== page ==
Me? Overcome What?
Good News Magazine
April 1982
Volume: VOL. XXIX, NO. 4
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Me? Overcome What?

Exactly what must we overcome to qualify for God's Kingdom?

   Let's face this question! God promises, "He that overcometh shall inherit all things; and I will be his God, and he shall be my son" (Rev. 21:7).
   But exactly what are we to overcome? We need to know — our eternal future in God's Family is at stake!
   The word overcome, according to Webster's dictionary, means "to conquer, to overpower or overwhelm, to render helpless." What are we to conquer or render helpless?
   Many of us have been taught, and correctly so, that our "old man" or the "old self' is to be destroyed (Rom. 6:6). Believing this "old man" to be our human nature, we have struggled for years to overcome our own nature, only to find that it is still with us. As a result we feel a deep sense of failure and discouragement.
   Is this what God meant? Are we put here on earth to overcome ourselves?

Human nature neutral

   Human nature is neither good nor bad of itself. A human being, at birth, is not inherently evil. Human nature is neutral. It is variable — capable of adjusting to one form of behavior or another depending on those factors that influence it. In other words, our human nature is our tendency to follow the ways and customs of those around us.
   The Bible often compares humans to sheep who either follow the Good Shepherd in paths of righteousness or wrong shepherds into paths of evil (John 10:7-9, 14, Isa. 53:6). Our human nature allows us to follow the ways of this world and become evil simply because we grew up in a world cut off from God and influenced by Satan.
   It is not human nature (the sheep like tendency to follow) that needs to be overcome, but the worldly character that we have acquired.
   In order to overcome, we must disassociate ourselves from wrong guidance and wrong pulls and associate ourselves with God and those who follow God, in order to take on God's characteristics.
   God's Church is the congregation of people who follow God and God's laws, ways and instructions. In His message to the historical eras of God's Church since the Church was founded in A.D. 31 (Rev. 2-3), Christ showed each church era which of its works were righteous and which needed to be changed. If we study Christ's message carefully, we can learn what behavior pleases God and w hat behavior does not.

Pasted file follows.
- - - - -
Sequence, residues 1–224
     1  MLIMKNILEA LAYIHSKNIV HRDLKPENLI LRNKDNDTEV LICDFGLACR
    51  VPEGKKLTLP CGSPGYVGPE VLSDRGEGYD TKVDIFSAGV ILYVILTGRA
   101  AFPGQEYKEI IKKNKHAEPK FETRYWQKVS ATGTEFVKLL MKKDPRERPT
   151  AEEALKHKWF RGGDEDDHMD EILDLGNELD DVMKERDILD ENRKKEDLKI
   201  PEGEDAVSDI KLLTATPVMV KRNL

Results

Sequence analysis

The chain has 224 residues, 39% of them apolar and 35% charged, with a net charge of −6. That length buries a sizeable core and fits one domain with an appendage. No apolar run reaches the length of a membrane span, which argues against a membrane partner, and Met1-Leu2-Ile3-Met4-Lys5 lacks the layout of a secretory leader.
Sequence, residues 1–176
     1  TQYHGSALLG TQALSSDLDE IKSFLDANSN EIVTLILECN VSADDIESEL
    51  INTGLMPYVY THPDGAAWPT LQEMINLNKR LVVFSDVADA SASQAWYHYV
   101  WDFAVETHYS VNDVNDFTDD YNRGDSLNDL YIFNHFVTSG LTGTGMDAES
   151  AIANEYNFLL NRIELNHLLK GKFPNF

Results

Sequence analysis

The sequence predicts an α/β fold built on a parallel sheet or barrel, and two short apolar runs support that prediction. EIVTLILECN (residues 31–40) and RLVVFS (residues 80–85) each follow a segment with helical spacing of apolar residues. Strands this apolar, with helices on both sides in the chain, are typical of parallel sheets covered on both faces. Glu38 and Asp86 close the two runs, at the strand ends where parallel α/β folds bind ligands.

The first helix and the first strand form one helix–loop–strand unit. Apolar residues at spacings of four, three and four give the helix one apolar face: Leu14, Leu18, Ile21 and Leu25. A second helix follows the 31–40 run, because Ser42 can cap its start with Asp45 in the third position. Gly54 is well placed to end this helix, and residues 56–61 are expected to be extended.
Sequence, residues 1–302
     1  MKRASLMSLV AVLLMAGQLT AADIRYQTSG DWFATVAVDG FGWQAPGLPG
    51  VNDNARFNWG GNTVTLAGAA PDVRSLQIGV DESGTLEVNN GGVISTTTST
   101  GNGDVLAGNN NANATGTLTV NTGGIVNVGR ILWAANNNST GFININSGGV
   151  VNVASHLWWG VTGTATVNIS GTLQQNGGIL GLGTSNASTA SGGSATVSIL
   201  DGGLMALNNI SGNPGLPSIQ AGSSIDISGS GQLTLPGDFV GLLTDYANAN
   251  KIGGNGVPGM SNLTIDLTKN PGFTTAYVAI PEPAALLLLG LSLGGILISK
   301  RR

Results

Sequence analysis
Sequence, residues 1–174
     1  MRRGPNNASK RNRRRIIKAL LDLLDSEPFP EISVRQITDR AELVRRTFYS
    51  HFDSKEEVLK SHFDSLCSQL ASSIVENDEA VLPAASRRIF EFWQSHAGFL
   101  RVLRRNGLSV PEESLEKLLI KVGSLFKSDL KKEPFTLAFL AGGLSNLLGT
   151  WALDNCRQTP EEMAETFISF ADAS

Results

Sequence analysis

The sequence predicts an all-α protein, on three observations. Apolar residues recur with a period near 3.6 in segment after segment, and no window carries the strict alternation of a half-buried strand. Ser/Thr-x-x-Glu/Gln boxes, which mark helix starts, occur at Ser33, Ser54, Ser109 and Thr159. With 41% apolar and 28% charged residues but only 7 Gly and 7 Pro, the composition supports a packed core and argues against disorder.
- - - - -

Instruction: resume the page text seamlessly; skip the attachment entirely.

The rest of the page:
Notice what God's Church had been doing right: They had not tolerated evil; had checked up on false apostles and proved them liars; had hated pagan deeds; had endured patiently; had labored in righteousness for Christ's name's sake; had not fainted or given up; had endured tribulation — including poverty, prison and martyrdom; had held fast God's name; had not denied the faith; had charity (love), faith and good works; had watched; and had kept God's Word.
   On the other hand, Christ listed the sins of which His Church needed to repent: One had left its first love (that first, tender love of God and concern for neighbor that an individual has upon conversion); one embraced false doctrines; another had allowed one called Jezebel to teach and seduce members to commit fornication and to eat things sacrificed to idols; still another was lukewarm, having dead works.
   Christ told the churches to repent of these dead and evil works. If they didn't, He would fight against them with the sword of His mouth and blot their names out of the book of life (2:16, 3:5). Repentance means to stop doing evil works and start doing right works, or righteousness.